The brain is so dependent on glucose for fuel that people with diabetes often notice their thinking is not clear (brain fog). You may feel irritable with colleagues at work and your family at home. You may find it hard to stay awake and concentrate.
Having high blood sugar for a long time causes serious health issues if left untreated. Hyperglycemia may cause inflammation inside of blood vessels causes them to clog. Poor blood flow from clogged arteries causes heart disease, kidney disease, nerve and vision problems, and stroke (serious brain injury).
Blood sugar levels are considered high when they are above your target range (this target range should be provided by your healthcare provider).
What Causes High Blood Sugar Levels?
Managing diabetes is a balancing act as you need to monitor the medicines you take, the food you consume, and the amount of exercise and rest you get. If any of those are off-balance, your blood sugar levels can be off-balance too. However, those are not the only factors that affect blood sugar levels. Let’s dive in some more…
Lifestyle Risk Factors
- High-fat foods in the Standard American Diet cause insulin resistance and inflammation. Keto and other popular low carb diets also worsen insulin resistance and inflammation.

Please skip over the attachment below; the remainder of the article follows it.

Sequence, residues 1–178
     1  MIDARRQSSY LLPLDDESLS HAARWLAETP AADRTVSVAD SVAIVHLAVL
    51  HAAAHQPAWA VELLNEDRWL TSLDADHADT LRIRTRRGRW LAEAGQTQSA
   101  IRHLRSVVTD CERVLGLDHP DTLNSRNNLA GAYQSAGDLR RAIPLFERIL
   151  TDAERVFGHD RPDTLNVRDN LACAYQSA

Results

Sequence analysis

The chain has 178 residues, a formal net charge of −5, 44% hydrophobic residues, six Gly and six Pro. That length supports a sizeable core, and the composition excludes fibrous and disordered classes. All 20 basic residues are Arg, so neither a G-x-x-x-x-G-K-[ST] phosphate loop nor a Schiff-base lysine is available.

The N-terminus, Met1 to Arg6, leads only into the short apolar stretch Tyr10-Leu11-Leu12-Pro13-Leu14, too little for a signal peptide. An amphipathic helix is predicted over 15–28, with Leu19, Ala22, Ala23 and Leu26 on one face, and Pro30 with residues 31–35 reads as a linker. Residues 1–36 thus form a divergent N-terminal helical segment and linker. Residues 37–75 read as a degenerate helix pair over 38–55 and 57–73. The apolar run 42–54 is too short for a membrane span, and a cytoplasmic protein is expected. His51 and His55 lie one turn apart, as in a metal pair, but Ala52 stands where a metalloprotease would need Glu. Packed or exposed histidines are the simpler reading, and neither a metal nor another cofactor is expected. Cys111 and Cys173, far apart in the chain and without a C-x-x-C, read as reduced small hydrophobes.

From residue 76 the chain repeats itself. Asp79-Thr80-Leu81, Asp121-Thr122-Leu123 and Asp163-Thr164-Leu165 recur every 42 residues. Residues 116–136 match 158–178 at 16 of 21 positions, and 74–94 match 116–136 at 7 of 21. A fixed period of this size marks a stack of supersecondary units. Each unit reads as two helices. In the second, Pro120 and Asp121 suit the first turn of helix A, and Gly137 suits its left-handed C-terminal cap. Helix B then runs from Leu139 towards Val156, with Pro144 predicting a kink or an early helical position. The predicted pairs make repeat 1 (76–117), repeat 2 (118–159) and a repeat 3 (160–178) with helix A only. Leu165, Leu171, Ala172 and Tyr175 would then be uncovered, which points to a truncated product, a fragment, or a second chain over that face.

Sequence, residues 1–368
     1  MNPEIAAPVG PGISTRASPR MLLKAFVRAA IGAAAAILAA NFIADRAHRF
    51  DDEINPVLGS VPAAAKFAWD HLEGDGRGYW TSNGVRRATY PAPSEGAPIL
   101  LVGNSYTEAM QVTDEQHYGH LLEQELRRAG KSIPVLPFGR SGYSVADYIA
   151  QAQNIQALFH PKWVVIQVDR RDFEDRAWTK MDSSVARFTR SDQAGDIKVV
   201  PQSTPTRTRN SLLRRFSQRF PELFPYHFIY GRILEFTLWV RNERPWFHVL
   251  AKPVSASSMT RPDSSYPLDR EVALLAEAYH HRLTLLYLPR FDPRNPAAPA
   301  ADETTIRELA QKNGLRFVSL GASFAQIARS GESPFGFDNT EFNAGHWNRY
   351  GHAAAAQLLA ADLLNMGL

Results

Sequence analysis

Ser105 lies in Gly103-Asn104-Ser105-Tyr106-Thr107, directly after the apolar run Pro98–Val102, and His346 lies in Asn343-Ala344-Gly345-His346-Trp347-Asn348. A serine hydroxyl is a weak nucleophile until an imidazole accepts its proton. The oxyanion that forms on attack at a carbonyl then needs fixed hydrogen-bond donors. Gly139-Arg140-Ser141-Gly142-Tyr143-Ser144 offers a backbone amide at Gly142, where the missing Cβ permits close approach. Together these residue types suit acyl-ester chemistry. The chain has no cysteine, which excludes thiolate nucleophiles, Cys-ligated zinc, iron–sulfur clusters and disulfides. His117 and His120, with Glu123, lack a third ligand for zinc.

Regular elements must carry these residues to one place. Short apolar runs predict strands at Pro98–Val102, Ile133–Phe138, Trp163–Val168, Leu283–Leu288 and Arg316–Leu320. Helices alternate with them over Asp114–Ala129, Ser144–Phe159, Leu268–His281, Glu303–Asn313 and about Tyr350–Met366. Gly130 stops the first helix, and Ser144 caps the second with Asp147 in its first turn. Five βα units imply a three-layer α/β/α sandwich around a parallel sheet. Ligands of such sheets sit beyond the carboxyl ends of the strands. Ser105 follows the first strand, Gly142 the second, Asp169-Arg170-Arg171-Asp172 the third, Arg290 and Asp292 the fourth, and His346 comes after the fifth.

- Obesity: body fat makes cells more resistant to insulin.
- Lack of exercise: your body uses glucose to fuel itself and burns it off when active. If a person isn’t active, glucose more easily accumulates to unhealthy levels.
- High blood pressure: The higher your blood pressure, the higher your risk of type 2 diabetes.
- Smoking: According to the CDC, smokers are 30-40% more likely to become type 2 diabetics than non-smokers.
- Cholesterol and Triglyceride levels: lack of high-density lipoprotein or high triglycerides increases the risk for type 2 diabetes.
- Inadequate sleep
For a thorough overview of the lifestyle factors, download a free copy of the Guide to Overcoming Diabetes Naturally.